The prodrome, the terrifying trigger and then this… | review of Merryn Fergusson’s book ‘What is wrong with ME’ | 5 November 2012

November 5, 2012

This review first appeared in the November 2012 issue of the ME Association's quarterly ME Essential magazine

Words by Tony Britton

Unlike a novel or thriller, it feels good to reveal the ending right at the start. Chris Fergusson, who had been poorly since the age of nine and had missed years of school because of his ME, then got better. He’s now working as a freelance cameraman.

But that won’t ruin this telling of his story for the many hundreds of parents frightened by what’s happening to their children who have been struck by this awful illness.

Merryn Fergusson, mother of Chris and two other healthy sons, kept a diary of what was happening while husband Alex was busy being a Member of the Scottish Parliament.

The diary is at the heart of What is wrong with ME. It was kept on the hall table and Merryn wrote it up through three long years – when Chris was off school.

While he was ill, Chris hated the idea that it might one day be turned into a book and his mum was conscious that she might never be forgiven for exploiting him.

There had already been an incident when Alex, wanting a narrative to tempt the press to write about the setting up of the Cross Party Group on ME, had released a picture of Chris without his son’s permission. Chris found out when friends showed him a copy of the paper. He felt betrayed.

When Chris got shot of the illness, Merryn raised the subject again. Time heals; he gave in with good grace and a grin.

The book tells Chris’s illness story from the time when something happened to the muscles in his neck after he was banged on the back of his head by a football.

Dr Nigel Speight, the paediatrician in Durham consulted by the family, reckoned that was the prodrome – the early symptom indicating the start of a disease before more specific symptoms occur. The trigger for the onset of full-blown childhood ME, said Dr Speight, may have been something altogether more terrifying.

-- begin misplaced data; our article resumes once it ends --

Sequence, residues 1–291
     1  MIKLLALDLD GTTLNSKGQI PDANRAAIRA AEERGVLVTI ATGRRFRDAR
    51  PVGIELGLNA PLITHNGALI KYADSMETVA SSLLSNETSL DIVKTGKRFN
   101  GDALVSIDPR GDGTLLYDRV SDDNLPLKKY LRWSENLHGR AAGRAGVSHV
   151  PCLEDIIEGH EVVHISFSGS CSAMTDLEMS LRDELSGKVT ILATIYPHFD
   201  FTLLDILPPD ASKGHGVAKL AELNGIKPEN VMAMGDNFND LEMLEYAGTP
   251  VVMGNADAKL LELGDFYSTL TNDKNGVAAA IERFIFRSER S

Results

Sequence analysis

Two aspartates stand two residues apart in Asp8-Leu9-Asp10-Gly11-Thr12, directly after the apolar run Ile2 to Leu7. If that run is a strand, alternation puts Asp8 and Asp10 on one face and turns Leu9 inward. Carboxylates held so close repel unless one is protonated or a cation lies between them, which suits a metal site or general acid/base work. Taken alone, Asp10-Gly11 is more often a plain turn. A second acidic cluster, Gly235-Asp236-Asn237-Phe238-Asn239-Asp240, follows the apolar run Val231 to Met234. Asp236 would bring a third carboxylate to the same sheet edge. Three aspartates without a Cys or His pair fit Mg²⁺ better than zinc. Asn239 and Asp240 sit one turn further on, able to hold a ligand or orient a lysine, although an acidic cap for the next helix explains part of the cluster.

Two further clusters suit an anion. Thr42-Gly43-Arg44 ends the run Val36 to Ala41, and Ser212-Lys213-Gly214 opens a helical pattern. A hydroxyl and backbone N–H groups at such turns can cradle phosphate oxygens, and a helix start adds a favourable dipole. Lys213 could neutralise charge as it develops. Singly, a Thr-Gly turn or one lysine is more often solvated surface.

In 1996, the family were in their remote Galloway farmhouse when two men broke in. Son Dougal was watching TV, Chris, Alex and Merryn were asleep upstairs. Iain, the eldest boy, was away at the time.

Dougal was taken at knife point round the house for two hours while the men looted the place. Alex and Merryn were tied up. While Chris slept through everything, he was left traumatised by the enormity of the event.

“Chris began to sleep poorly and I would be aware, since I too suffered from disturbed nights, that Chris was standing on the landing outside our room too scared to move.

“On other occasions, he would be unable to sleep until we went upstairs, and then we would put him on a mattress at the foot of our bed.”

The book carefully traces what happened since then.

It details the family’s trawl round the complementary and alternative therapies they used and the people they met on route. There are also lots of commentaries by Merryn on what was happening to the family as a whole.

A must read – particularly about the propensity of youngsters to pull through everything and recover.

What is wrong with ME: a case of childhood Myalgic Encephalomyelitis, the illness and the controversy”. Paperback, 168pp. ISBN 978-1-84530-126-2 Published by The Grimsay Press. Available from Amazon HERE

2 thoughts on “The prodrome, the terrifying trigger and then this… | review of Merryn Fergusson’s book ‘What is wrong with ME’ | 5 November 2012”

  1. Sounds more like PSTD.
    Given proper diagnistic criteria are not used, who knows who does or doesn’t have ME…
    I have still to learn of somebody, properly diagnosed, who has ever recovered.

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